NEW YORK (NewsNation Now) — New York City’s annual LGBTQ Pride parade is virtual again this year, but demonstrators and celebrators were still making their presence felt in the city on Sunday.
The main New York City Pride parade, which usually draws throngs of participants and spectators, is once again being presented as a television broadcast special, since now-lifted pandemic restrictions were still in effect at the time it was being planned.
But people will be able to gather in person on Sunday afternoon for PrideFest, a street fair with vendors, food and entertainment in Manhattan. A dance party was planned for Herald Square and fireworks, music and food were prepared for Pier 45 in Hudson River Park.
Sue Doster, the co-chair of NYC Pride, described PrideFest as “the best of a street festival” combined with “groups from the community.”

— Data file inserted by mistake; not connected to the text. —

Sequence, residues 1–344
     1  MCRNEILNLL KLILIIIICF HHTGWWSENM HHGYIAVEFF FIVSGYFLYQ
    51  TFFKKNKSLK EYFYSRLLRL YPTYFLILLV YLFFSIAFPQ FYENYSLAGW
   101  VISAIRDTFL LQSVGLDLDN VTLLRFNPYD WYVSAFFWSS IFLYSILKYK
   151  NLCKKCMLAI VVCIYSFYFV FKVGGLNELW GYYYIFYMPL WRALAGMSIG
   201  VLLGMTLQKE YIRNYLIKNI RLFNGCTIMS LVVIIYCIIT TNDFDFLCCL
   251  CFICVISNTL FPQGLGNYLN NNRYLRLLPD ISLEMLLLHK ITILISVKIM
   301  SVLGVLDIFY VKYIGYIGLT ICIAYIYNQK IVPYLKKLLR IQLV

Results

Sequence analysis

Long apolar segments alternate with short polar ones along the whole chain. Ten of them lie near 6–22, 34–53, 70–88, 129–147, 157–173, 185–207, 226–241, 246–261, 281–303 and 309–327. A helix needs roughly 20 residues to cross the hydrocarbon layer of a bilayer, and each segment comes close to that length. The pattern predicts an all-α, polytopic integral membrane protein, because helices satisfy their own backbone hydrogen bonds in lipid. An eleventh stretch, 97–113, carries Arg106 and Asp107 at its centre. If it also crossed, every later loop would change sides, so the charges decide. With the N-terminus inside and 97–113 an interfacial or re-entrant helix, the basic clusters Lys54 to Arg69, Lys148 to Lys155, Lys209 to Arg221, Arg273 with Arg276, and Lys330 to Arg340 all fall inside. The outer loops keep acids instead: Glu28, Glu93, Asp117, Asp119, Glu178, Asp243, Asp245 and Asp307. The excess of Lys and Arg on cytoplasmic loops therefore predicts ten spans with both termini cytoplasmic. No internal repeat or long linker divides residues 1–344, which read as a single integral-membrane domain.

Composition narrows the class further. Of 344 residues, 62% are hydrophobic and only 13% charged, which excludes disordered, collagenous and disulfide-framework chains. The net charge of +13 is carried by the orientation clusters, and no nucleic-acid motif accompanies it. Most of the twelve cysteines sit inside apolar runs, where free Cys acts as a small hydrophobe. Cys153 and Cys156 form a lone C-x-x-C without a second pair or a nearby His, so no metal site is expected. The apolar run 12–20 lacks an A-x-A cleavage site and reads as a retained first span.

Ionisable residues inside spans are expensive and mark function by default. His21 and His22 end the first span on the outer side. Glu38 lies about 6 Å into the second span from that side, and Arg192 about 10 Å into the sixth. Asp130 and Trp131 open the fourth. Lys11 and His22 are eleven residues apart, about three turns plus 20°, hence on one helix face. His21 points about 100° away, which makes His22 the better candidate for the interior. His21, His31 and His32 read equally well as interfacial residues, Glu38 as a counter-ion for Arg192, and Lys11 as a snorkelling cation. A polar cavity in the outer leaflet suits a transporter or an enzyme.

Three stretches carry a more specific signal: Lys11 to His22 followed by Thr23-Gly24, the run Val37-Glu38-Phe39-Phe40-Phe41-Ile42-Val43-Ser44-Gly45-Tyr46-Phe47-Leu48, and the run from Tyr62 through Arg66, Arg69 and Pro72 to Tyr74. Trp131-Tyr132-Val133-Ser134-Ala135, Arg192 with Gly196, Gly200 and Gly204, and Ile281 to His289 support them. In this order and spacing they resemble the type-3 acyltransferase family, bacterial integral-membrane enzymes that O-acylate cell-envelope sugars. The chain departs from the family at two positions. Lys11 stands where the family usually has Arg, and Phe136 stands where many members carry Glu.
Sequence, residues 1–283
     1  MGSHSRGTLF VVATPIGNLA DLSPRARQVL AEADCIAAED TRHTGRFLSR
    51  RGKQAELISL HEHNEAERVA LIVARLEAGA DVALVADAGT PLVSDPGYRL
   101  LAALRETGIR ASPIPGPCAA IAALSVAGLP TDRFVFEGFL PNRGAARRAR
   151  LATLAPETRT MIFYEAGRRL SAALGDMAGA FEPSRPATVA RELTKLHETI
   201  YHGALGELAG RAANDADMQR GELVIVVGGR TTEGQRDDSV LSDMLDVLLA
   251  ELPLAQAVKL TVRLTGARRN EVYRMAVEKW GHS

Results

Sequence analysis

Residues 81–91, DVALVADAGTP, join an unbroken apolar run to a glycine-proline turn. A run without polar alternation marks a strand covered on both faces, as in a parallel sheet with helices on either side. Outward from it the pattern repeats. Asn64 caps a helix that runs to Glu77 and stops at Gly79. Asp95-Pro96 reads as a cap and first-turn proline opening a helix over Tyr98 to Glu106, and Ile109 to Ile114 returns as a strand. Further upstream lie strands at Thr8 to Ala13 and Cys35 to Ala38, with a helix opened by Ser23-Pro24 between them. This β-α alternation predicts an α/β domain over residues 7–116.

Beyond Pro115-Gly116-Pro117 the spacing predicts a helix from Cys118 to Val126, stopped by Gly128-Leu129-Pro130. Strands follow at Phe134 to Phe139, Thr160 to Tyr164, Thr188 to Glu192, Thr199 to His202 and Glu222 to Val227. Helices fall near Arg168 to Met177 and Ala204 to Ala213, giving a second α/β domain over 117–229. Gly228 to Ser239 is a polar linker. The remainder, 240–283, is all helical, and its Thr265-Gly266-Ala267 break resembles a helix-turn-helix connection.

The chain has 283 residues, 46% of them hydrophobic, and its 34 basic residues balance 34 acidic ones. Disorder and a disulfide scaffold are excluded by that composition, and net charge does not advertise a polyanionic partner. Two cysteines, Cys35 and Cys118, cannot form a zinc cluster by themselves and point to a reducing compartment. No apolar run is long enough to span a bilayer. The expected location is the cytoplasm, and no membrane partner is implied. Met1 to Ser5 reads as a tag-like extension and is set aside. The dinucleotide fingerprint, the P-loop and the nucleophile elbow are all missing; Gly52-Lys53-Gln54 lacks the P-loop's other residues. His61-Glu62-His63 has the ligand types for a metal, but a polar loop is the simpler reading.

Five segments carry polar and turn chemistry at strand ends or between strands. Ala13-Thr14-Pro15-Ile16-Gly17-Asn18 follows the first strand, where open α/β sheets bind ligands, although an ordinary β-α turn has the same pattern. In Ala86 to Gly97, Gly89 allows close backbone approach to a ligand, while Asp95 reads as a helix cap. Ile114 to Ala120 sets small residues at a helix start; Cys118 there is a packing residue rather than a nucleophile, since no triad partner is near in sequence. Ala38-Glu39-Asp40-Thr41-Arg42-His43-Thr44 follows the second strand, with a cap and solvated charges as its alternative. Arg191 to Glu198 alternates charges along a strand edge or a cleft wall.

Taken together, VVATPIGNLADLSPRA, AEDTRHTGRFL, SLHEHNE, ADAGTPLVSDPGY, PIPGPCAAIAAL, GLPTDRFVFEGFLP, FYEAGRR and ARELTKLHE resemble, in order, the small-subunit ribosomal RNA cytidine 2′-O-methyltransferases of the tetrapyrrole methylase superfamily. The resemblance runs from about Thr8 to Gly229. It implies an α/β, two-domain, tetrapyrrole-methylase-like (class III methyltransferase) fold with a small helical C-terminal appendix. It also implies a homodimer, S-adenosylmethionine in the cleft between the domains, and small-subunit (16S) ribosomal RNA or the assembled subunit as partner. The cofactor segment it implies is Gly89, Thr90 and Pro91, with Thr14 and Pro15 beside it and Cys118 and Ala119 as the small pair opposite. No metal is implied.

PrideFest attendee Philip Ayo reflected on the importance of the day.
“It’s all about being educated on LGTBQ rights or being an ally. I think spreading love is the main reason why everyone is here,” Ayo said.
The festivities also provided a big boost to struggling mom-and-pop businesses, including urban pop hat store, Aliens Of Brooklyn.
“We’ve been through so much this past year and it’s a great time to get back together and celebrate inclusiveness,” said store employee Richard Gomez.
This year’s NYC Pride theme was “The Fight Continues.”
Organizers said it was about the ongoing fight for people throughout the LGBTQ community to push for what they believe in.
Hoboken resident Alexa Letourneau marveled at the event’s inclusiveness.
“The amount of love in the atmosphere for just coming together and celebrating originality and who we are is inspiring,” Letourneau said.
For people looking to march for LGBTQ rights, the Reclaim Pride Coalition is holding its third Queer Liberation March from Bryant Park to the Stonewall National Monument and into Washington Square Park.
The liberation march event does not allow police or corporate participation.
New York City’s gay pride parades began in 1970 to commemorate the 1969 Stonewall uprising, which started after a police raid on a Manhattan gay bar.
The Stonewall Inn is still there, now under different owners.
The Associated Press and NewsNation affiliate WPIX contributed to this report.